4. Cash Flow forecast with assumptions narrative
The cash flow forecast must clearly demonstrate the need for funding and potential return to pre COVID-19 trading activity. It is critical for forecasts to reflect appropriate consideration of all alternative cash protection mechanisms available to the company such as HMRC Deferment in order to avoid overstating funding requirements and subsequently undermining the credibility of your supporting forecasts.
In your application, you should accompany your financial forecasts with a narrative outlining the assumptions that support the numbers. In the majority of cases, these will reflect a gradual return to pre COVID-19 income levels dependent upon specific business circumstances. To allow lenders to assess affordability and serviceability of the funding requested, applicants should ensure the cashflow projections included cover at least the period to 31/12/2020 with this being extended to 31/12/2021 for larger loans.
5. Up to date aged debtor/creditors listing
6. List of existing loan/finance agreements
7. List of company assets
8. If applying to a lender that isn’t your own bank - include CVs for all key personnel and three months business bank statements. A new lender will also need to make personal identification checks.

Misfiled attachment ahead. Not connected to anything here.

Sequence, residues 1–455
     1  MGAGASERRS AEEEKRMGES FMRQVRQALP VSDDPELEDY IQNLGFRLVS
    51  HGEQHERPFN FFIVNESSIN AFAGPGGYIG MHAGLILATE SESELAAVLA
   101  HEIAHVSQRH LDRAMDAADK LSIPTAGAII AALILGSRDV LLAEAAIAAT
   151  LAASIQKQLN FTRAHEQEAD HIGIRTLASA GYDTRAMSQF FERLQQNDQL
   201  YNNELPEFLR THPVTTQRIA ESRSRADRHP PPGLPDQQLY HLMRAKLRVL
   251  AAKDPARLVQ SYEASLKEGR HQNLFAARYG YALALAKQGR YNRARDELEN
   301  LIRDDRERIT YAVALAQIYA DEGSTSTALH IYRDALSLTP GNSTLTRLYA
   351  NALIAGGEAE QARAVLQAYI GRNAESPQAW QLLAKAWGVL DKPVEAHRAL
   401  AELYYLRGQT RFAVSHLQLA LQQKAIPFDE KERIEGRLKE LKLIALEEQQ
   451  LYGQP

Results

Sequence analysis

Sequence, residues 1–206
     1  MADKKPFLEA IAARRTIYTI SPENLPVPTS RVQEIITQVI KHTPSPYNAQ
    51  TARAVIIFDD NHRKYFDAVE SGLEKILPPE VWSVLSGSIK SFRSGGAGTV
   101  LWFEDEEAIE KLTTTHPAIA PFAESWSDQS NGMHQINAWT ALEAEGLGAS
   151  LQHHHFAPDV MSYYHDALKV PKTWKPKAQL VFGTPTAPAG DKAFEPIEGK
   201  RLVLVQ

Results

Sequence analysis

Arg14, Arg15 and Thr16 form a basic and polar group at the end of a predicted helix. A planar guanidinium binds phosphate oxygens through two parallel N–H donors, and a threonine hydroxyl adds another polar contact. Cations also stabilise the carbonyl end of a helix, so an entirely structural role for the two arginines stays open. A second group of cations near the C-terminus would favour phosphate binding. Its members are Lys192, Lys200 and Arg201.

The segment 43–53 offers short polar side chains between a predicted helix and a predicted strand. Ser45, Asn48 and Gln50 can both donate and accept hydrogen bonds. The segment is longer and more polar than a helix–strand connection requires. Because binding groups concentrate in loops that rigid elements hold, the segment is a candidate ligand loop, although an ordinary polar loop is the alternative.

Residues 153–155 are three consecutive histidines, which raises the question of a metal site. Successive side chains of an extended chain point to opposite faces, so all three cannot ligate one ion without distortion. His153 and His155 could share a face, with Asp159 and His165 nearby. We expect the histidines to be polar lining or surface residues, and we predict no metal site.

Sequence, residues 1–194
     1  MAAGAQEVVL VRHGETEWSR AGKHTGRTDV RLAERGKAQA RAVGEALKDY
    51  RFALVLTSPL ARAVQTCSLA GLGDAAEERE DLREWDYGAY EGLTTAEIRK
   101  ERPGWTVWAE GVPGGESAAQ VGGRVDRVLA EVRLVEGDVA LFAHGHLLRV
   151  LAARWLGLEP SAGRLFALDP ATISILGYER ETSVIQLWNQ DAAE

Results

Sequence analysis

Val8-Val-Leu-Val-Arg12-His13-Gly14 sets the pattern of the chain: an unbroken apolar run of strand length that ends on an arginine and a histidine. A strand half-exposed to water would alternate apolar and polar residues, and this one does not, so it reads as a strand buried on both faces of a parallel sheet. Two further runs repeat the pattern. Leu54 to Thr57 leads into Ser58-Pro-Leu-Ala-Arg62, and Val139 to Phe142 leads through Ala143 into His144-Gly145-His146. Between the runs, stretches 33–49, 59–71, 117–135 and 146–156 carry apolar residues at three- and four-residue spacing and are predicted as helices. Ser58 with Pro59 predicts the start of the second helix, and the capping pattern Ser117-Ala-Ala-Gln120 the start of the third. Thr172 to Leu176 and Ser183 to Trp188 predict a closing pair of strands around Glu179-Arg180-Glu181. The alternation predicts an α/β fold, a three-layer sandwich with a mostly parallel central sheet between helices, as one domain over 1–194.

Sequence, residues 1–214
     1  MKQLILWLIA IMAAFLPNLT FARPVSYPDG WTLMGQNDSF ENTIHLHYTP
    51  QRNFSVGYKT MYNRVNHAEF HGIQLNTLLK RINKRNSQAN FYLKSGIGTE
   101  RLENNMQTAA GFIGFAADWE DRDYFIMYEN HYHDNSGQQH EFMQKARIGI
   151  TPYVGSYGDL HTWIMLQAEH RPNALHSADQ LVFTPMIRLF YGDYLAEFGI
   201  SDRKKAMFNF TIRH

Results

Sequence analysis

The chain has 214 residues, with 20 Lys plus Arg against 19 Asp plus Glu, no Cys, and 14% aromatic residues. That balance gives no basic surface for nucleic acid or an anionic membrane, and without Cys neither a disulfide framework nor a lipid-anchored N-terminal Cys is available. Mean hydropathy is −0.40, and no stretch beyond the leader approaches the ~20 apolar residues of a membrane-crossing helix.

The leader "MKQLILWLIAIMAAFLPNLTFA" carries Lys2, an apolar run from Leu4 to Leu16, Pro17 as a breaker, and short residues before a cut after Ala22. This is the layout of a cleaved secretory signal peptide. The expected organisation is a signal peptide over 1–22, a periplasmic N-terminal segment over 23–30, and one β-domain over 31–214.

It is important to remember that even though this is a government backed loan scheme, businesses remain 100% liable for any default on future payments, which will have a direct impact on your ability to raise future credit.
Navigating the current financial landscape and deciding which scheme is best for your business can be challenging. If you are based in Greater Manchester or Lancashire and need bespoke support, our Access to Finance team is here to offer free and impartial guidance.
Philip Hargreaves, Access to Finance Lead
Philip has worked in commercial and corporate banking for the past 40 years. He is now responsible for the Hub’s Access to Finance Team.
Working closely with partners in the business and professional communities, Philip and his team are passionate about supporting local SMEs who are looking to grow.
“Fundraising in the current marketplace is often complex, requiring time and specialist understanding of all the available options. Putting the right finance in place, at the right time, can mean the difference between success and failure.”
The information provided is meant as a general guide only rather than advice or assurance. GC Business Growth Hub does not guarantee the accuracy or completeness of this information and professional guidance should be sought on all aspects of business planning and responses to the coronavirus. Use of this guide and toolkit are entirely at the risk of the user. Any hyperlinks from this document are to external resources not connected to the GC Business Growth Hub and The Growth Company is not responsible for the content within any hyperlinked site.